Back when arcades ruled the video game scene from the 80s to the 90s, it would be natural for the most popular games ported to the most popular consoles at the time, yet there were the rare few games that never saw a home release.
Growing up as a child of the 80s, the arcade was a way to challenge friends in person either directly or in turns depending on the game. Whether if it's Galaga or Marvel vs. Capcom 2, players got to a chance to compete against each other at home when arcades circulated older games out.
The memories never really went away as there are still arcade aficionados who enjoy the comforts of those same games via emulation. Reasons why the game wasn't ported vary from not enough popularity to justify development for console or the franchise licenses expire. Here are our favorites from the arcades that never made it home.
Star Wars Trilogy Arcade (1998) – Sega
Star Wars has had a presence in arcades ever since video technology could in any way or form recreate the franchise excitement from the films. From the choppy vocals, MIDI soundtrack and vector graphics of Atari's game in 1983 to Sega's 1998 graphically stunning rail shooter, saving the galaxy never felt more fulfilling.
While Lucasfilm granted Sega rights to create three arcade adaptations: Star Wars Arcade (1993), Star Wars Trilogy Arcade (1998) and Star Wars: Racer Arcade (2000). Sega released SWA for their Genesis add-on, Sega 32X to average reviews where players fly the iconic Rebel Alliance X-Wing and Y-Wing recreating the ship battles from the Original Trilogy.
The 1998 game borrowed elements from the 1993 improving graphics and additional levels in first person perspective. The first stage took you through the Battle of Yavin from A New Hope, the second stage from The Empire Strikes Back broke up into three parts: navigating snowspeeders against AT-AT walkers and probe droids on the surface of the planet of Hoth, the evacuation from the rebel base, and the stage's boss In Boba Fett. The third stage from Return of the Jedi breaks down to the landspeeder chase against Stormtroopers on Endor, the raid on the imperial outpost on the planet's surface, the battle against the second Death Star and concluding with the final boss fight with Vader.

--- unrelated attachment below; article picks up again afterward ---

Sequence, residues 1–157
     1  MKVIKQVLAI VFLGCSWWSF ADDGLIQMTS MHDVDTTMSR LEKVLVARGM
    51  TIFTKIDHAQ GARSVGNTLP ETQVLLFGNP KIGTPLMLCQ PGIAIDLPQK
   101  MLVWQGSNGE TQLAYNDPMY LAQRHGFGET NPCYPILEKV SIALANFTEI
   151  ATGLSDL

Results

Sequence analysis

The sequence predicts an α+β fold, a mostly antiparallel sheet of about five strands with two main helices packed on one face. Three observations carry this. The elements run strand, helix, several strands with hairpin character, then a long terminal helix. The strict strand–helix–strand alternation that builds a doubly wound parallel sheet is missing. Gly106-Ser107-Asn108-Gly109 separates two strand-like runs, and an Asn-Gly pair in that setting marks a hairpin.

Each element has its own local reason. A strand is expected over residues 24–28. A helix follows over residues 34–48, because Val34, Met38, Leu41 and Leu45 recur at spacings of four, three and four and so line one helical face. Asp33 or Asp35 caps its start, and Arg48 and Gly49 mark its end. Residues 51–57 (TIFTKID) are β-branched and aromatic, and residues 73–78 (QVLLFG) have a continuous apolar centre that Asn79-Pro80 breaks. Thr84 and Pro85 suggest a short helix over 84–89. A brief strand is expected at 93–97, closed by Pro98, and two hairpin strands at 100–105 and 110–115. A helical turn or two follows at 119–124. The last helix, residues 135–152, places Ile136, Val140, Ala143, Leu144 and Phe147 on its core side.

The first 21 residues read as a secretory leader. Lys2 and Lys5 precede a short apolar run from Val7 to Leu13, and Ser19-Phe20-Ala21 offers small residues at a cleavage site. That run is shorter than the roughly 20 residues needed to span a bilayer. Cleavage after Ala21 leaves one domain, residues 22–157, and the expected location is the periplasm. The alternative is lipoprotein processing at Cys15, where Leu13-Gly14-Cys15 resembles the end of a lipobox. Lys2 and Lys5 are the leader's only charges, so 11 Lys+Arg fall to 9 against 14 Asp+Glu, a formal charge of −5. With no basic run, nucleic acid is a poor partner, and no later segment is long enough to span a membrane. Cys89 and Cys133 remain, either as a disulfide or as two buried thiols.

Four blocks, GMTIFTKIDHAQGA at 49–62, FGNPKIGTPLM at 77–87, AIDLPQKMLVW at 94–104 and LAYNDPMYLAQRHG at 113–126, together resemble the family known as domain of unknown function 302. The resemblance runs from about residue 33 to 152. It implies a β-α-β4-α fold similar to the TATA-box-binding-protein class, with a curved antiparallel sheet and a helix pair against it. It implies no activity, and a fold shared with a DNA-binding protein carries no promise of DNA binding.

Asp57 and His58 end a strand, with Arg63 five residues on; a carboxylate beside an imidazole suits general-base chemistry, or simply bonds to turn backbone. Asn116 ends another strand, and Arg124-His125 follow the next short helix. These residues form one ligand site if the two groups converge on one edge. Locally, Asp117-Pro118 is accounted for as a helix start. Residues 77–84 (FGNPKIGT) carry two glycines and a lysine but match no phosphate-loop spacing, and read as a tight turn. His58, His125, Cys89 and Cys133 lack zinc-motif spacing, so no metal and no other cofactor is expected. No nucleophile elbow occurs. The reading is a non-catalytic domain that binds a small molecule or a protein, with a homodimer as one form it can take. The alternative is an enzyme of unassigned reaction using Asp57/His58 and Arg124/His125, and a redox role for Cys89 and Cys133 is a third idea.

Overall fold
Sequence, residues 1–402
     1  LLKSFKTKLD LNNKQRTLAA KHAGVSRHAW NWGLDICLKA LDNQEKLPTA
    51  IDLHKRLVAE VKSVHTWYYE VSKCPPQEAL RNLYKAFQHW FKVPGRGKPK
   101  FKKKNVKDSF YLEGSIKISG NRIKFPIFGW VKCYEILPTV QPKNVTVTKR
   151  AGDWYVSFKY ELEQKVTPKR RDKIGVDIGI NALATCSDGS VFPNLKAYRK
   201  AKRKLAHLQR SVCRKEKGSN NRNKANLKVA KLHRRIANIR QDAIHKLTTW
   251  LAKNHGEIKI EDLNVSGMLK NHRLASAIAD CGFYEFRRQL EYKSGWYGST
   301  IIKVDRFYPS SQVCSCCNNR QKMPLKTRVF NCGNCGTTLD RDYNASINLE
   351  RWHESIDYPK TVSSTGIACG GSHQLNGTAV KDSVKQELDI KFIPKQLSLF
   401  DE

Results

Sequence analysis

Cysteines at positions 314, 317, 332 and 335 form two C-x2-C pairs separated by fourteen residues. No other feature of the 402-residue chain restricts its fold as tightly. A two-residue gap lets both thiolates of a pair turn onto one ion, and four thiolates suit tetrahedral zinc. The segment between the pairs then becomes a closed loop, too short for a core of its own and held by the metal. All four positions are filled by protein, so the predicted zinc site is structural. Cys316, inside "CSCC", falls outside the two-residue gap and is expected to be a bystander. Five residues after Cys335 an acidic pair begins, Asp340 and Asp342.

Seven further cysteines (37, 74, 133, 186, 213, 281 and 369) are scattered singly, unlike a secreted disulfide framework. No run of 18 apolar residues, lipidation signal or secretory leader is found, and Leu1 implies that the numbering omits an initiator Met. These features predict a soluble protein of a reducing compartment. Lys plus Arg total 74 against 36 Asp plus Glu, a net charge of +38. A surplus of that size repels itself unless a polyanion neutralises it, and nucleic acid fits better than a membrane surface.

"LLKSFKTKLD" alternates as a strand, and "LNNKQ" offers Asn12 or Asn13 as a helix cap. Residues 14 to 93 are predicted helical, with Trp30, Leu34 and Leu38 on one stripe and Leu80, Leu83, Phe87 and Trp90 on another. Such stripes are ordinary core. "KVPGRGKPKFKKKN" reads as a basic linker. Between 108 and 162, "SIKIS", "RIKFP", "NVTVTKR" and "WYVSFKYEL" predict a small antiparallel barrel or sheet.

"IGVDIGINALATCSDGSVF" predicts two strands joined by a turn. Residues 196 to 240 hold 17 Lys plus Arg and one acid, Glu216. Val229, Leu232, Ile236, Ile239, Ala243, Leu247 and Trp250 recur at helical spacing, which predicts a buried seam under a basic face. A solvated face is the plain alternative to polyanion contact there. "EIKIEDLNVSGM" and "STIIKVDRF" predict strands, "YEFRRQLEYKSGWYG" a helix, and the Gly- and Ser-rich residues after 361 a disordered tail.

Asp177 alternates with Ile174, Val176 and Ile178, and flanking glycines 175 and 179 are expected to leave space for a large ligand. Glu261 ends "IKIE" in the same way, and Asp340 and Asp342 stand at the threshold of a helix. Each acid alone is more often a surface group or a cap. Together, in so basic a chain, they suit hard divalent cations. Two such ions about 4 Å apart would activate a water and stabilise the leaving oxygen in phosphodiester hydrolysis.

On the vehicle battles, players would take on the role of Luke with the exception of ROTJ where Lando pilots the Millennium Falcon over Endor. As Luke, you also use the flight stick to navigate through the boss flights from deflecting Boba Fett's blaster shots and parrying Vader's lightsaber strikes to reflecting shots back to Fett and launching a counter attack to Vader. The non-vehicle rail missions puts you into the role of Han Solo.
It's a shame Sega never ported the game to the Dreamcast or its contemporary competing consoles. There's few things as satisfying as using a flight stick to control the game rather than a regular controller.
Alien vs. Predator (1994) – Capcom
Capcom revolutionized fighting games with Street Fighter 2 and they would do the same with the side-scrolling beat 'em ups with Final Fight. The company would take the formula that worked in FF and apply it to Alien vs. Predator.
The game based on the film of the same name, which the studio shelved until 10 years later with a completely different story. The difference between FF and AvP is the later features a fire button which fires the character's gun, but can overheat from excessive use.
When you imagine what we miss out on as a four-player beat 'em up with four character choices: cyborgs Major Dutch Schaefer and Lieutenant Linn Kurosawa, and two predators, a warrior and hunter. Schaefer played similar to Mike Haggar from the FF series where you thrive on power through your blows and wrestling moves, which when applied to an enemy can cause chip damage to nearby enemies. He also had a minigun, which not even worth the effort considering how much more valuable he is in close quarters combat.
Kurosawa thrived on speed and comboed with her katana. She had the best rate of fire with the machine pistol she wields. Utilizing her speed is key and the advantage is the quicker recovery time she delivering blows to her opponents.